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If you're a regular reader of this blog, you know that we've been impatiently awaiting oral arguments and, ultimately, a decision in Trinity Lutheran Church of Columbia v. Comer. The case is one of the most interesting of the term, both for its factual background (kindergartens! recycled tires!) and its constitutional questions (the extent to which churches may be denied access to otherwise generally available public programs).
After a long delay, the case is finally set for oral arguments this upcoming Wednesday. But now, given a last minute policy change by the governor of Missouri, the case could be moot.
When it comes to the separation of church and state, the Missouri Constitution goes further than its federal counterpart. Not only can there be no establishment of a state religion, but, the state constitution declares, "No money shall ever be taken from the public treasury, directly or indirectly, in aid of any church." Further, the state prohibits funding for "anything in aid of any religious creed," including funding for religious schools.
That's where the tires come in. Missouri's Department of Natural Resources operates a grant program that helps groups resurface their playgrounds with child-friendly rubber surface material, made with a minimum of 40 percent Missouri-generated scrap tires.
In addition to its church services, Trinity Lutheran operates both a daycare and a preschool. When it sought access to the resurfacing grant, its application was denied. Due to the restrictions in the Missouri Constitution, the Department of Natural Resources was "unable to provide this financial assistance directly to the church," it said.
The church sued, arguing that excluding it from the grant because it was a religious organization violated both the Free Exercise Clause and the Equal Protection Clause.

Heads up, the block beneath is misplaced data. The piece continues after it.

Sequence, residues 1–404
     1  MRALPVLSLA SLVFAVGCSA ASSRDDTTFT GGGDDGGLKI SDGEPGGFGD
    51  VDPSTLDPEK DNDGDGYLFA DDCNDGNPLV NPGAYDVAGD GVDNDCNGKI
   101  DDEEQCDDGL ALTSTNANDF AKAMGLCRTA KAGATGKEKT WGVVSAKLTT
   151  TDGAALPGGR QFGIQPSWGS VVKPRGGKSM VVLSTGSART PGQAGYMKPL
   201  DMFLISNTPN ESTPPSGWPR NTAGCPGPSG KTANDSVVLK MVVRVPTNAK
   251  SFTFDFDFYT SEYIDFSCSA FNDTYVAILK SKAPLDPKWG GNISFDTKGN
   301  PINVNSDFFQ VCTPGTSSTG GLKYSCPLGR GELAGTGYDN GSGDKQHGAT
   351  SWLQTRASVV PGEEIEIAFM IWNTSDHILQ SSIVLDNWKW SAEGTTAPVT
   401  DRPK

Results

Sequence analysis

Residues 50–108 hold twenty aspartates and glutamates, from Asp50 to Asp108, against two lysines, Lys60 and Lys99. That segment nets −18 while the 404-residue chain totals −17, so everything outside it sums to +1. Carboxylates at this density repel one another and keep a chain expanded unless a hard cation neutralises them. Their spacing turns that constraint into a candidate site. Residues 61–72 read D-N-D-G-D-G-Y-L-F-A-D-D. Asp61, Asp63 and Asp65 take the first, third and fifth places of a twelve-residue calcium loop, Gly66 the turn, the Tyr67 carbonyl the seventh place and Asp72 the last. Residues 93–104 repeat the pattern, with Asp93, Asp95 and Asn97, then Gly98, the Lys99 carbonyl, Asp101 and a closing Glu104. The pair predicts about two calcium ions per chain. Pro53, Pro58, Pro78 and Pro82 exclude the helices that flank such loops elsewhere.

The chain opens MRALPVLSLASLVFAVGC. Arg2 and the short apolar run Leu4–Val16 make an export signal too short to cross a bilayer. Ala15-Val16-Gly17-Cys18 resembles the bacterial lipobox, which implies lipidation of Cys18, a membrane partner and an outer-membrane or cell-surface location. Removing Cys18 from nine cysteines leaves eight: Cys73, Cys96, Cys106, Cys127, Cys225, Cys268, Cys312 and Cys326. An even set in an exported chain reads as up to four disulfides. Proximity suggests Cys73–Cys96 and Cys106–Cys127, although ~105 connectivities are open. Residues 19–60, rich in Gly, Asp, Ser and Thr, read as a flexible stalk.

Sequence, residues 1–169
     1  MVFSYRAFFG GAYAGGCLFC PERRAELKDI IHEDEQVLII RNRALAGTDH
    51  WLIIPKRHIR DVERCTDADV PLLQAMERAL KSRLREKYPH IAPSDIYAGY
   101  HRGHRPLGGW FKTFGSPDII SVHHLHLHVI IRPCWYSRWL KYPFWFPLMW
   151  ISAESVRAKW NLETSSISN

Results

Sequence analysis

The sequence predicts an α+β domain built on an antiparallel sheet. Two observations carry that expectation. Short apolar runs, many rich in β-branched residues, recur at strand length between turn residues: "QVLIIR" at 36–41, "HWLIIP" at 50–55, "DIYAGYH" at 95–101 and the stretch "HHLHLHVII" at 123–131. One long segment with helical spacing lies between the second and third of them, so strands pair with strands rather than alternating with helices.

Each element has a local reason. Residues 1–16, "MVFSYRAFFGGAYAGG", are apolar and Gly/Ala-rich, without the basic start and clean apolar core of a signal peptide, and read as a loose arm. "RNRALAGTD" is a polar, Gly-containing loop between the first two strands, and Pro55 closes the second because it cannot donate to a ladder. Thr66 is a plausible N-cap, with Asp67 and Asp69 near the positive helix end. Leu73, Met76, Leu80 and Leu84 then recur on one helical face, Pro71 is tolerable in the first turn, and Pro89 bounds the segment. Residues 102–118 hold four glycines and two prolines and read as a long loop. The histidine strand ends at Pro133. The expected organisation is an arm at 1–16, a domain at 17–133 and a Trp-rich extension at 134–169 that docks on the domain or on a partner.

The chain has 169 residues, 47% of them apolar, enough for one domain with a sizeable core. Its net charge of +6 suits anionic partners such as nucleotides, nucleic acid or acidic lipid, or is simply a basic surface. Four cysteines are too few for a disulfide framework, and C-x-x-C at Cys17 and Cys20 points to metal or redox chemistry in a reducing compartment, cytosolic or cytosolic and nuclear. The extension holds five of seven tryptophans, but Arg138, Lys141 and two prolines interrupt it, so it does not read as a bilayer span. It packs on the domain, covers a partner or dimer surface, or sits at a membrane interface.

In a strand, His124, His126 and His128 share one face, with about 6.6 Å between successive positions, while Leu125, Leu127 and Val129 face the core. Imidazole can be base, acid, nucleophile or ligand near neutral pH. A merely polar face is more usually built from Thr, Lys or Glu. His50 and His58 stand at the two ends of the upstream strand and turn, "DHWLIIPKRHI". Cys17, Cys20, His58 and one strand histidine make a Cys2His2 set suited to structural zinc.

The DNR's decision was upheld by both the district court and the Sixth Circuit, with the later writing that the church "seeks an unprecedented ruling -- that a state constitution violates the First Amendment and Equal Protection Clause if it bars the grant of public funds to a church."
Yesterday, however, Missouri Governor Eric Greitens reversed the state's position on churches and rubber playground resurfacing materials. In a video posted to Facebook, the governor said that the state would no longer "deny grants to people of faith who wanted to do things like make community playgrounds safer for kids."
Calling the exclusion of churches like Trinity Lutheran "just wrong," the governor instructed the Missouri DNR to allow religious organizations to receive grants.
Does the change in policy moot Trinity Lutheran's case? The governor's office doesn't seem to think so. "Today's action by Governor Greitens is not expected to affect the Trinity Lutheran case before the Supreme Court because the case involves a 2012 DNR decision that became final years before the Greitens administration took office," a press release from his office states.
Groups opposing the church's position disagree, according to SCOTUSblog's Amy Howe. You can expect the justices "to spend at least part of next week's oral argument exploring that question," she writes.
And, hey, even if we don't get a final resolution of Trinity Lutheran's case, we're at least sure to get an exciting oral argument.
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